Friday, April 24, 2009

Bluebonnets, Birthdays, Balance, a Bench & Bugs

That sure is a mouthful of B's.....
The month of April is always a favorite for this double aries household. YES!! that's right two rams in the house and usually butting heads until someone gives up and decides to be the lamb. The first two weeks are birthday weeks for us and it's also that time of year when, thanks to Lady Bird Johnson, the blue begins to fringe the sides of the highways all across this great state. While this year was not expected to show as well as years past because of a lack of rain, and both early and late roadside mowing to prevent fires, it has been pleasant surprise. Some years we observe seas of blue that actually seem like lakes or ponds floating in green pastures. The blue is just the beginning of the spectacular Texas wildflower show that continues on through the summer in layers of gold and a multitude of rainbow colors. We are so blessed to live in the Texas Hill Country in Llano, Texas.

As Lou and I get older it seems our birthdays are times spent in reflection and a point in time, at which a measure can be taken. Did we reach the goals we had hoped to reach? As the time slips by we question, "Are we doing what we were meant to do?" Lou's work in Mesquite is tangible and he will leave behind a legacy of physical objects. I think that is a part of the satisfaction he finds creating this mesquite furniture. When he was building choppers with his friends in the 70's he was doing the same sort of thing - bringing something beautiful, physically into the world. Photography is not the same as producing something that can be touched, tasted, smelled or held. Photography is more about capturing time, on film in the early days and now digitally. While he still enjoys photography his heart and soul go into his mesquite pieces. He has said many times that he will not have enough time to create all the pieces he has in his head. A look into the pages of his sketch books will prove that.

So how do you find balance when you know you will not have time to get it all done before you call it quits on this earth? That my friends is the question we are currently trying to solve and may not ever really find an answer. Lou and I try to live in the moment but often find ourselves looking back at the past or forward to the future. Lou enjoys taking the break, once he finally breaks free, but it is the making a break that is so hard for him. Maybe it is because he is already living in the moment while he works on his pieces. It usually takes an ultimatum or angry outburst from me, to make him take a break and I really do hate to be that person. I often find myself jealous of a piece of mesquite furniture and have to laugh. They are his girlfriends, his babies, his creations and sometimes he has a hard time sending them to their new homes.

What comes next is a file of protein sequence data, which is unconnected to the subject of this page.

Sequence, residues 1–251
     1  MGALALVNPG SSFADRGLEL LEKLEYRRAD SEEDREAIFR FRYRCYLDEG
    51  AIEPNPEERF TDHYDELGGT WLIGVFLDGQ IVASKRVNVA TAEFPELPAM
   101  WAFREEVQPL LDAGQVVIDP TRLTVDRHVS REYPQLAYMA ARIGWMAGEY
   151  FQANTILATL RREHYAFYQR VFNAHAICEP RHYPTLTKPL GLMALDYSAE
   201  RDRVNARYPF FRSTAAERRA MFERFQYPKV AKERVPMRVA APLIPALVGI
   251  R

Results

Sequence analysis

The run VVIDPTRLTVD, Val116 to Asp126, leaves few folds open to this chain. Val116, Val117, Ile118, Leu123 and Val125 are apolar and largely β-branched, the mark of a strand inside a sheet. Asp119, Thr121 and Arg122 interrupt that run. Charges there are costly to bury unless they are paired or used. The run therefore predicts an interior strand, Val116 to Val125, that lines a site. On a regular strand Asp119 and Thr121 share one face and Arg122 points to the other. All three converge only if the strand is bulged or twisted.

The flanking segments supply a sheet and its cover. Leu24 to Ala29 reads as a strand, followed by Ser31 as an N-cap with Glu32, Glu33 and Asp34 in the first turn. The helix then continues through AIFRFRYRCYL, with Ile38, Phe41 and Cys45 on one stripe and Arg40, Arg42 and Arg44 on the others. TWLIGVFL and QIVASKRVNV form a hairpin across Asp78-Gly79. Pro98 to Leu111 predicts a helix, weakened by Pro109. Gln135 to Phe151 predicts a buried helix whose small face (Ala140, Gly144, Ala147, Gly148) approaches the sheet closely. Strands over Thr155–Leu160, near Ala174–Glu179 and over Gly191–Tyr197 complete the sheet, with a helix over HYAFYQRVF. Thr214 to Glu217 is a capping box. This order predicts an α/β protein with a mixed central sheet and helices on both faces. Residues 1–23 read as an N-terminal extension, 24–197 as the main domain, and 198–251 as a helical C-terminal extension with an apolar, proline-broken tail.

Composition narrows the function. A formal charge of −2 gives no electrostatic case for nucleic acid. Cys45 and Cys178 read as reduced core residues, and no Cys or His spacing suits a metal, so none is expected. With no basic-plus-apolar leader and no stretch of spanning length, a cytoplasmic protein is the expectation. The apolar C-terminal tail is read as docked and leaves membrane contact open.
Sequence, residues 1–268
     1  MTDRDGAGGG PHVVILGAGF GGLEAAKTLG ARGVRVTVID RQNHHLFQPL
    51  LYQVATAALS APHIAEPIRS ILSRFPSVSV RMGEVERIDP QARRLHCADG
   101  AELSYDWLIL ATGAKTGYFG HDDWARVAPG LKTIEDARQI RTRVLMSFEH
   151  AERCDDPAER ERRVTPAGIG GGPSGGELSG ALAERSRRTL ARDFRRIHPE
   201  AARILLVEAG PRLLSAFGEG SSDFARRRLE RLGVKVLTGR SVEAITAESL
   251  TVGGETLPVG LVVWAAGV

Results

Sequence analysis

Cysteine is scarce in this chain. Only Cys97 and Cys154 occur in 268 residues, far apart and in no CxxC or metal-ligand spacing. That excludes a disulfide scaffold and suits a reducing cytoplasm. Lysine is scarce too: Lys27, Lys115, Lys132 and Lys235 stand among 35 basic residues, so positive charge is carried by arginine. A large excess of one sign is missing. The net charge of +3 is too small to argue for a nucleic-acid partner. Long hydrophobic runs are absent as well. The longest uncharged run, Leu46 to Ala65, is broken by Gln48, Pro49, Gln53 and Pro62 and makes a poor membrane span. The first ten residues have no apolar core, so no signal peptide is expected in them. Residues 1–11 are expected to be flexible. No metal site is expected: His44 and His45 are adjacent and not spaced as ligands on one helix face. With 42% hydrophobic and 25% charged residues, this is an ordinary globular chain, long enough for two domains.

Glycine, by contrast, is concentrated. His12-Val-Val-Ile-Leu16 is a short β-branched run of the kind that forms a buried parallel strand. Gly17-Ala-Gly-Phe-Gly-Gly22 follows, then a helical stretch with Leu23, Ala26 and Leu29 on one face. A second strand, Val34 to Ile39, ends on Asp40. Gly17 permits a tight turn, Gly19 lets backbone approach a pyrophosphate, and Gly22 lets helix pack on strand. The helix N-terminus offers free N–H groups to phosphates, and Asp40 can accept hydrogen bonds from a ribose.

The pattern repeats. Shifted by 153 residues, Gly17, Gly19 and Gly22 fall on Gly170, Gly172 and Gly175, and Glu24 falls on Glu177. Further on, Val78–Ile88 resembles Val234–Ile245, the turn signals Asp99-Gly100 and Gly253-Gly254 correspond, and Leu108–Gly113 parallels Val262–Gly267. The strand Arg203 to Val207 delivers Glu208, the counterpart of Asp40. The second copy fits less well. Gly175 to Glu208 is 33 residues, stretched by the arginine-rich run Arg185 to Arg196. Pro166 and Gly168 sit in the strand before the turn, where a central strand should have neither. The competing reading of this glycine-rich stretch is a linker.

April brought the end to a commissioned bench project bound for Jackson Hole Wyoming allowing us to renew a relationship with Fredericksburg Shipping. If you live in the Texas Hill Country and are ever in need of top notch packing and shipping check them out. Thad and his staff are friendly, efficient and thorough. They ship everything from antiques and art to zebra taxidermy mounts and everything in between. He has also dealt with several of the large galleries in Jackson Hole. Speaking of Jackson Hole we are planning to head out to the Western Design Conference again this year. Just not totally sure of what Lou will be creating to show. Guess I need to get that whip out and crack it.

My final B is a reminder that mesquite wood is home and harbor to a few different wood boring bugs. We keep hearing horror stories of people that have brought home mesquite products and discovered bits of sawdust on and around the pieces and so they douse it in insecticide often ruining the look of the frame, furniture or sculpture. Not a good solution if it is a cooking utensil or cutting board. We have even heard of a couple in Austin that had to fumigate the whole house because the new mesquite flooring they had installed had bugs. What a nightmare! So what should you do? Does this mean you should avoid mesquite wood products? Not at all.

First know who it is that you are buying from. There are many reputable folks that use mesquite. Check to see if they are members of the Texas Mesquite Association. This is a great group of artists and craftsmen that share info, ideas and the love for mesquite. Their spring show the Spring Texas Mesquite Art Festival was held April 17-19th in San Angelo, Texas. If you missed it you can catch the Fall Texas Mesquite Art Festival in Fredericksburg, Texas October 9-11th.

Second know that some of these bugs (powder post beetles) prefer the yellow sapwood layer of the wood. Be sure that your piece contains very little or preferably none of the yellow wood. We know of a woodworker that won't allow any of the yellow wood to come onto his property let alone his workshop. While we are not that extreme we are very careful and take serious precautions when drying and choosing wood for a particular piece.

Nobody likes to deal with bugs but if you should find that your new mesquite object has an insect that is making holes and sawdust you have a few options to treat it. Environmentally safe options include drastically lowering the humidity on the piece, and if small enough microwaving, heating to 140 degrees Fahrenheit in the oven or freezing for several hours. You can also try injecting alcohol into the holes to see if that works, before breaking out the chemicals and insecticide. We really hope you won't ever need to use this information but if you do need it we hope it is helpful.